As I said, though, I have learned a lot about marketing, exposure and networking, albeit most of it while flying by the seat of my pants. I am breaking out of my comfort zone a bit more by trying to get more familiar with Twitter, and I have even learned to make memes, (much to my children’s amusement, since, as they LOVE to point out, I didn’t even know how to pronounce “meme” a few short years ago, pronouncing it instead like “mehm”. No…  Hooked on Phonics did not work for me…  because I didn’t use it, I guess…  But, I digress…) I am also my hand at video production and editing while attempting to design and execute a book trailer. But, most excitingly, I am tentatively scheduled to participate in a podcast interview on this Thursday, 6/20/2019, on the “Brian ‘The Hammer’ Jackson Show, which will at the very least be very interesting.

Exposure, or getting my name out there, is by far the most difficult part of this whole process for me.  I am not terribly pushy, and generally make a terrible sales person, so it isn’t easy to sort of “push” myself out into the world. But, exposure is what it takes to garner sales, so I am taking the bull by the horns. To assist me with this, I have been featured in an interview on a fellow author’s blog, and am planning on returning the favor, as well as hosting other fellow authors on my blog.  In fact, my next entry here will be an interview with my amazing fellow Solstice Publishing author named David W. Thompson who writes some really great stories!

I hope that everyone’s summer is going well and that you are finding time to enjoy reading!  I apologize for the disappearing act, but appreciate the support! Check back soon to read the fabulous interview I conducted with David W. Thompson!  Meanwhile, check out his book Sister Witch, and several others, available on Amazon.com.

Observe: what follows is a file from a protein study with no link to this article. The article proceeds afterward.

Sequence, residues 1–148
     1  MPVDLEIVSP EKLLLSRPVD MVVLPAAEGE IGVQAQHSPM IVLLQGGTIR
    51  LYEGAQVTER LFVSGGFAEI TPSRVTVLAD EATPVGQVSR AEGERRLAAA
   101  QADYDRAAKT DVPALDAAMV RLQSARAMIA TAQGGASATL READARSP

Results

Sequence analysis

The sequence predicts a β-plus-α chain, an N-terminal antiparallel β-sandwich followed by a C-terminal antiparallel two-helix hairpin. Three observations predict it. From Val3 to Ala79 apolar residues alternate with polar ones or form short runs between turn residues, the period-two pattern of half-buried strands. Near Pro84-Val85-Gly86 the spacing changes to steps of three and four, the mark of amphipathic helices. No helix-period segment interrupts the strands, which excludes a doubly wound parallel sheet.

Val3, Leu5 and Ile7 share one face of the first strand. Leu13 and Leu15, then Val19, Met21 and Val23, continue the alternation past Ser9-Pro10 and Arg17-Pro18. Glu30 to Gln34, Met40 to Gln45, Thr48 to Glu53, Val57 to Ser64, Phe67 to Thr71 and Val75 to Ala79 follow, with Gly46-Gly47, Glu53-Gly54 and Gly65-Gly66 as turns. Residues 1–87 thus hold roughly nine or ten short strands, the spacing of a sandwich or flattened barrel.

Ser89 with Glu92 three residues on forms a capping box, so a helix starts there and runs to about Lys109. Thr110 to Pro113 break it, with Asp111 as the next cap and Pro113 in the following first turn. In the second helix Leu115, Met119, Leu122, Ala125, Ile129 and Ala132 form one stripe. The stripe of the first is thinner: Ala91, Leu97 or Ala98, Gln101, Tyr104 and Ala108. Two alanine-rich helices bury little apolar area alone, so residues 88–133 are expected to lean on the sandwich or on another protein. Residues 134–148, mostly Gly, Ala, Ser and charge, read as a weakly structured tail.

#AGoodKindofCrazy #Advertising #SolsticePublishing #I’mHearingStories #JenCarmody #Audiobook #Amazon #Audible #BarnesandNoble #GoodReads #iTunes #MajkenSelinderNilsson #Marketing #DavidWThompson #SisterWitch #FamilyDyer #BrianTheHammerJacksonShow #Podcast #WesternSkies #TheHoldernessFamily #ChristmasJammies #Maycember

My Audiobook Is Out!

I have had the amazing opportunity to produce an audiobook of my debut novel, A Good Kind of Crazy, with a company called I’m Hearing Stories.

I'm Hearing StoriesThe publisher of the print and ebook versions of my book, Solstice Publishing, does not deal with audiobooks, so producing one had not even been on my radar. Therefore, when I was contacted by I’m Hearing Stories last summer, I was intrigued, but my hands were tied from doing anything until the release of print versions A Good Kind of Crazy on Amazon.com. Once that occurred in October, I soon spoke again to owner Kimberly Hobscheid, and decided to go for it. I obtained the audiobook rights from my publisher, and we were off.

The first stage of the process was finding a narrator.  Ms. Hobscheid was a little concerned initially that it would perhaps be difficult to find someone willing to voice the book, as at over five hundred pages, there is no denying it is long. With I’m Hearing Stories, narrators do the work based on royalties, so all narrators essentially volunteer their time and hope that it pays off with sales.  Thankfully, though, there were six people who auditioned to narrate, and it didn’t take long to make the choice of who was the best option for this particular book: A woman named Jen Carmody.

Ms. Carmody is wonderfully talented! She was able to give so much life to each character through a wide expanse of voices and accents.  She was also extremely quick and had recorded all seventeen hours that the five hundred plus pages the book translated into within a month.  Then, I needed to listen to the proofs and make any necessary changes. With the holidays and the typical busyness of a large family, coupled with wintertime illnesses, it sadly took almost again as long for me to be able to listen and approve everything.